Quarter of Dumfries and Galloway schools at below 50% capacity
About a quarter of schools in south west Scotland are operating at less than 50% capacity.
A Dumfries and Galloway Council report said rolls were falling and lots of buildings were no longer "fully suitable" or had excess classrooms.
Figures from 2019 show 26 out of 98 primaries and four out of 16 secondaries were less than half full.
Council policy is to carry out a review of any schools with 50% utilisation or less for a projected six-year period.
The report to the council's education and learning committee follows a "transformation event" held last year with parents, head teachers and unions.
It outlined a "need and a willingness to be brave and accept that change is needed" with the schools estate.
Secondary schools under 50% capacity in 2019
Costs per pupil to the local authority are above the national average at both primary and secondary level.
The council said it recognised that planning future provision would "take time" and it was difficult to meet everyone's expectations.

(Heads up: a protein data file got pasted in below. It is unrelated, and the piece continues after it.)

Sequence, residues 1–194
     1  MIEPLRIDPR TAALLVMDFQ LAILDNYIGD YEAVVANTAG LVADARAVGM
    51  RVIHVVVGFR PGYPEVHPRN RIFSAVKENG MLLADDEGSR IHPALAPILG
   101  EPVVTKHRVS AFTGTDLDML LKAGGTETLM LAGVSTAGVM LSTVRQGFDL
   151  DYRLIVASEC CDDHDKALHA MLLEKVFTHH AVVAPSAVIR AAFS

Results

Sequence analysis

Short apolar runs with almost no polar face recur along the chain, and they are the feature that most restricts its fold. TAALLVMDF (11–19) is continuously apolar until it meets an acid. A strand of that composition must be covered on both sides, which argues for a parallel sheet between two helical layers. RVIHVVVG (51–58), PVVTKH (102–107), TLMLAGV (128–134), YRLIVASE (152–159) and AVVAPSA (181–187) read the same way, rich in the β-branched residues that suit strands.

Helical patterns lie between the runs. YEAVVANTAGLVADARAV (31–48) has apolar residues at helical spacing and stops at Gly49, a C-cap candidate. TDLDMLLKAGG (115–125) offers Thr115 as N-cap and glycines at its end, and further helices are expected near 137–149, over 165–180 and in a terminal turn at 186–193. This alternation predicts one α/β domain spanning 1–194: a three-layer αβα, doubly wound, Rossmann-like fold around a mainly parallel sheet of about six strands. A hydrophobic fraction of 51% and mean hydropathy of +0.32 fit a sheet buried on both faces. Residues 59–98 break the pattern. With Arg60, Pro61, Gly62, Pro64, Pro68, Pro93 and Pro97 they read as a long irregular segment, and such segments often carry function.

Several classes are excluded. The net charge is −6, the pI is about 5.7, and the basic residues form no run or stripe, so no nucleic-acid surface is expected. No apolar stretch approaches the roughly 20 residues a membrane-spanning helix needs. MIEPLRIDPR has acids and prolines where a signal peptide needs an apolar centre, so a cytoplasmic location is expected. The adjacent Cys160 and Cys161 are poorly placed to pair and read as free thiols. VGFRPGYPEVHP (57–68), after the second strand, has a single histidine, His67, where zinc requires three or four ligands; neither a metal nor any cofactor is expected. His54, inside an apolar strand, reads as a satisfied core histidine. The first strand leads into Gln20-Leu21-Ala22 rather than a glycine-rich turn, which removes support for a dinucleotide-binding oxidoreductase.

It also outlined a number of key issues being faced, including:
- how to ensure schools are the right size for their catchment area
- making sure schools operate cost effectively
- ensuring management costs in primaries and secondaries were "proportionate"
Among the other challenges being encountered is the fact that nearly 25% of primary pupils attend a school outside their catchment area.
Primary schools under 50% capacity in 2019
Capacity figures for the schools will be shared on the council's website to help parents of children going into P1 or S1 to decide where to enrol them.
The local authority has pledged to "work together" with all concerned groups to plan the future of its schools provision.
Analysis: By Giancarlo Rinaldi, BBC news website south of Scotland reporter
The school roll figures come as no surprise in a region with one of the most elderly populations in the country.
Pupil numbers have tumbled but any plans to shut sites tend to face local opposition.
In 2017, a bid to close three rural primaries was dropped but the issue has not gone away.
The council has invested heavily in new schools and its estate still runs to more than 100 properties for about 18,500 children.
Keeping all of the schools open is unlikely to be an option but the journey towards "better and fewer assets" remains a delicate one.